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Cron jobs without specifying hour/day/month.....

Is there a way to create cron jobs, using crontab in Linux, without specifying hour/day/month, for example, but using a general "daily" or "monthly" words?

Yes, there is a way to use a special approach to define a periodic cron job in Linux.

If we take a look inside the /etc directory, we can see directories like cron.hourly, cron.daily, cron.weekly and cron.monthly, each corresponding to a certain frequency of execution. One way to schedule our tasks is to place our scripts in the proper directory but, in addition to this way, some cron implementations may support some special strings. These strings are used instead of the first five fields, each specifying a certain frequency:

@yearly, @annually Run once a year at midnight of January 1 (0 0 1 1 *)
@monthly Run once a month, at midnight of the first day of the month (0 0 1 * *)
@weekly Run once a week at midnight of Sunday (0 0 * * 0)
@daily Run once a day at midnight (0 0 * * *)
@hourly Run at the beginning of every hour (0 * * * *)
@reboot Run once at startup

For example, we can schedule a job to run everyday as follows:

@daily sh /root/

Usually, @daily, @hourly, @weekly and @monthly are set by default to specific time periods. Using the run-parts command we can find out when each keyword will be executed (the values are taken from the /etc/crontab file); the following output has been taken from a Debian/Ubuntu system:

[email protected]:~# grep run-parts /etc/crontab
17 * * * * root cd / && run-parts --report /etc/cron.hourly
25 6 * * * root test -x /usr/sbin/anacron || ( cd / && run-parts --report /etc/cron.daily )
47 6 * * 7 root test -x /usr/sbin/anacron || ( cd / && run-parts --report /etc/cron.weekly )
52 6 1 * * root test -x /usr/sbin/anacron || ( cd / && run-parts --report /etc/cron.monthly )

So, on Debian/Ubuntu systems:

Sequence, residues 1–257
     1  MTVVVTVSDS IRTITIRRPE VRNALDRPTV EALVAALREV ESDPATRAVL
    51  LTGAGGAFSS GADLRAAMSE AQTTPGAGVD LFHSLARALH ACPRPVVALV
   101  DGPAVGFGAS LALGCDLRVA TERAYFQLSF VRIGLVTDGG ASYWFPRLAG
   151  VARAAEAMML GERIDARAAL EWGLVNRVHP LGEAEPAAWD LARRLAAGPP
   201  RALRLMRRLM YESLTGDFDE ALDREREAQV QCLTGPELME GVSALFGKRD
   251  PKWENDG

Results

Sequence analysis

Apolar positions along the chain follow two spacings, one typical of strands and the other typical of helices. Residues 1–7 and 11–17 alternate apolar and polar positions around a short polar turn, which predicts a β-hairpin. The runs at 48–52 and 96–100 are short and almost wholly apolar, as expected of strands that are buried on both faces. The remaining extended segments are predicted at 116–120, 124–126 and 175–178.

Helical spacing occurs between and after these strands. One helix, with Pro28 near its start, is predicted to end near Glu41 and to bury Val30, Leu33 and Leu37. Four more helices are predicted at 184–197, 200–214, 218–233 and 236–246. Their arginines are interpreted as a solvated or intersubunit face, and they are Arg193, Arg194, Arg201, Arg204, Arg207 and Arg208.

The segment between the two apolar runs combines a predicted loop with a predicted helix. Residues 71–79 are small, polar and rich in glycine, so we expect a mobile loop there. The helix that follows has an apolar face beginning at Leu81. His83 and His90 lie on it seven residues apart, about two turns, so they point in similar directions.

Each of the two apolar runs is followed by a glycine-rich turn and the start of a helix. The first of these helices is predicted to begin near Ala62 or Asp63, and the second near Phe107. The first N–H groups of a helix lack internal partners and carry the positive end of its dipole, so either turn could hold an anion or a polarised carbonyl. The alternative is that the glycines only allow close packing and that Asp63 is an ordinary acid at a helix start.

• cron.daily run once at every hour at 1:17am, 2:17am, 3:17:am … 1:17pm.
  • cron.daily run once at every day at 6:25am.
  • cron.weekly run once at every day at 6:47am.
  • cron.monthly run once at every day at 6:42am.

Sometimes it may be good to schedule a cron job to run at a somewhat random time: generally not truly random, but maybe at an arbitrary time within a specified time range rather than at a specific recurring interval.

This can be useful to keep simultaneous cron jobs for different users from causing predictable spikes in resource usage, or to run at a time other than the start of a new minute, since cron’s interval resolution doesn’t go smaller than one minute.

A first way in applying a random offset to a specific cron jobs could be the following, where the job will wait for a random time between 0 and 600 seconds (= 10 minutes), the $(( RANDOM \% 600 )) part, before running your job:

@reboot sleep $(( RANDOM \% 600 )); /path/to/executable

NOTE: the % character need to be escaped when used in cron, so you have to write \% in the cron job (as shown below).

Another way, for example, is to use Perl instead of bash:

@reboot perl -e 'sleep(rand(3000))'; /path/to/executable

Another way to introduce a random amount of time is combination of sleep and numrandom with a time range between 0 and 30 minutes, for example.

@reboot sleep `numrandom /0..30/`m ; /path/to/executable

In order to use the numrandom command, we need to install num-utils, on Debian, by using apt-get -y install num-utils.

Other two a bit more complex examples would be the following; the first below shows how to define a random time, between 3 and 5 minutes, to a specific cron job. The */3 * * * * means "each 3 minutes", while thet0to180secs is a variable that will represent a random value between 0 and 181 and it will be used by the sleep command (sleep ${r}s) as parameter to wait a specific amount of seconds (in addition to the base 3 minutes):

t0to180secs="RANDOM % 181"
*/3 * * * * r=$(($t0to180secs)) ; sleep ${r}s; echo date

The second example shown below use a similar approach of the above, but used to specify a random day of the week at midnight (00 00 * * 0); in this case, the random value will be between 0 and 6 and the sleep command will force the specific cron job to wait 0 to 6 days before running (sleep ${r}d):

tday0_to_day6="RANDOM % 6"
00 00 * * 0 r=$(($tday0_to_day6)) ; sleep ${r}d; echo date

NOTE: obviously the above two examples can be used also with @monthly, @daily or @reboot special strings.